A sorted list is another choice. It takes O(n) time to find the appropriate position to insert a new number. Additionally, the time to get the median can be optimized to O(1) if we define two pointers which points to the central one or two elements.

A better choice available is a binary search tree, because it only costs O(lgn) on average to insert a new node. However, the time complexity is O(n) for the worst cases, when numbers are inserted in sorted (increasingly or decreasingly) order. To get the median number from a binary search tree, auxiliary data to record the number of nodes of its sub-tree is necessary for each node. It also requires O(lgn) time to get the median node on overage, but O(n) time for the worst cases.

We may utilize a balanced binary search tree, AVL, to avoid the worst cases. Usually the balance factor of a node in AVL trees is the height difference between its right sub-tree and left sub-tree. We may modify a little bit here: Define the balance factor as the difference of number of nodes between its right sub-tree and left sub-tree. It costs O(lgn) time to insert a new node into an AVL, and O(1) time to get the median for all cases.

An AVL is efficient, but it is not implemented unfortunately in libraries of the most common programming languages. It is also very difficult for candidates to implement the left/right rotation of AVL trees in dozens of minutes during interview. Let us looks for better solutions.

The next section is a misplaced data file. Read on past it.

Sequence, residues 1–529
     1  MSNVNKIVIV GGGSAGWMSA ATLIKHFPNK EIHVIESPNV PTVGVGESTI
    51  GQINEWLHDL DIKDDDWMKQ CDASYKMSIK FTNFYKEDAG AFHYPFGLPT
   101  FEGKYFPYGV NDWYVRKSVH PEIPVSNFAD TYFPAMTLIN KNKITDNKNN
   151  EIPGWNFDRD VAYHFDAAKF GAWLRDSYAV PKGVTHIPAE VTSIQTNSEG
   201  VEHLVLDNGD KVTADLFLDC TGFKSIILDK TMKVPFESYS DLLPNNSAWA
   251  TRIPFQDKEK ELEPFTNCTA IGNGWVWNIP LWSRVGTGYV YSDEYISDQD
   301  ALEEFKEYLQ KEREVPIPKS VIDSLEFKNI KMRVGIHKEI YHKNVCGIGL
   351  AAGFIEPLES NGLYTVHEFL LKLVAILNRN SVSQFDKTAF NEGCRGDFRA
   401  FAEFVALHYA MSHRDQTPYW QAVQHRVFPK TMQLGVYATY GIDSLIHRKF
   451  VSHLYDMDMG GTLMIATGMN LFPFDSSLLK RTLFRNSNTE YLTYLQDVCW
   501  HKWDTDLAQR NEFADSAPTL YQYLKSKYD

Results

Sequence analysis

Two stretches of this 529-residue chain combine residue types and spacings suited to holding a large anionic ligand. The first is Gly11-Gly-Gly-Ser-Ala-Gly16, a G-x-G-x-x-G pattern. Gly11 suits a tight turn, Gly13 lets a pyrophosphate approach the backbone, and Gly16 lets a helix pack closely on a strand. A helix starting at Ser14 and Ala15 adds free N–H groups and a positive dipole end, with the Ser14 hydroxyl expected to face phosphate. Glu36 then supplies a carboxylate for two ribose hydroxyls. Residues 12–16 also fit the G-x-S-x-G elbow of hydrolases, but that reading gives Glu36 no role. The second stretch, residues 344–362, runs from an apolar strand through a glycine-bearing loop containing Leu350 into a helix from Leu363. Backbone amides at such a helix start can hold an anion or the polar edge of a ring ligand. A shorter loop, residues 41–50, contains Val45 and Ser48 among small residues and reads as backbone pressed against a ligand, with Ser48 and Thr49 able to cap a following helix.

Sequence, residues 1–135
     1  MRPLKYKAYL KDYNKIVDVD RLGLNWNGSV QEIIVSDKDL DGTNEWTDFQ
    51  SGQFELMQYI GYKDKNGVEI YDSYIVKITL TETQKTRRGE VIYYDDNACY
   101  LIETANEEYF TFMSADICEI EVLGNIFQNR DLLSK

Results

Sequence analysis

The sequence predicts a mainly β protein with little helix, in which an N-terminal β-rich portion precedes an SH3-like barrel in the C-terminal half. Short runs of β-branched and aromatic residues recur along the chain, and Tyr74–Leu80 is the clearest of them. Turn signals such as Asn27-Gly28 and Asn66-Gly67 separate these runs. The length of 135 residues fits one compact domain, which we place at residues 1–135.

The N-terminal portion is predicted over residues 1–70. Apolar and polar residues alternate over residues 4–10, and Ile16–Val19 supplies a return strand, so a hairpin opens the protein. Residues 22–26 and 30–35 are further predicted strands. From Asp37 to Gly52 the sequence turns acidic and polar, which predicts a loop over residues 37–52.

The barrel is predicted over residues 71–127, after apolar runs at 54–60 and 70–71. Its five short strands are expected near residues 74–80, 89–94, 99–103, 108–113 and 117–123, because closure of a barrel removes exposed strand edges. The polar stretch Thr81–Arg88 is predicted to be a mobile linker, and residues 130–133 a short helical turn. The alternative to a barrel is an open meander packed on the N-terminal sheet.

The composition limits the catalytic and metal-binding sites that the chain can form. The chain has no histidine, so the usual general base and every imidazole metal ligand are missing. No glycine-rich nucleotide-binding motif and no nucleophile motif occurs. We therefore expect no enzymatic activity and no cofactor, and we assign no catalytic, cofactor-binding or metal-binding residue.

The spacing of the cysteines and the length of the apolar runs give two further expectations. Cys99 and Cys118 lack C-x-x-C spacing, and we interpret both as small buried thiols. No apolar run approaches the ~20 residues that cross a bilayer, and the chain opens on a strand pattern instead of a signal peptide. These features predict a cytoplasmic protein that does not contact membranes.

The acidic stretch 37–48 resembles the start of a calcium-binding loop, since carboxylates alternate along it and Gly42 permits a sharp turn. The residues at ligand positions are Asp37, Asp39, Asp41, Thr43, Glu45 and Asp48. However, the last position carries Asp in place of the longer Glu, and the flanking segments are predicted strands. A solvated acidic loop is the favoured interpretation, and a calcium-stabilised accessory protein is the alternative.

As shown in Figure 1, if all numbers are sorted, the numbers which are related to the median are indexed by P1 and P2. If the count of numbers is odd, P1 and P2 point to the same central number. If the count is even, P1 and P2 point to two numbers in middle.

Median can be get or calculated with the numbers pointed by P1 are P2. It is noticeable that all numbers are divided into two parts. The numbers in the first half are less than the numbers in the second half. Moreover, the number indexed by P1 is the greatest number in the first half, and the number indexed by P2 is the least one in the second half.
 Figure 1: Numbers are divided in two parts by one or two numbers in its center.
If numbers are divided into two parts, and all numbers in the first half is less than the numbers in the second half, we can get the median with the greatest number of the first part and the least number of the second part. How to get the greatest number efficiently? Utilizing a max heap. It is also efficient to get the least number with a min heap.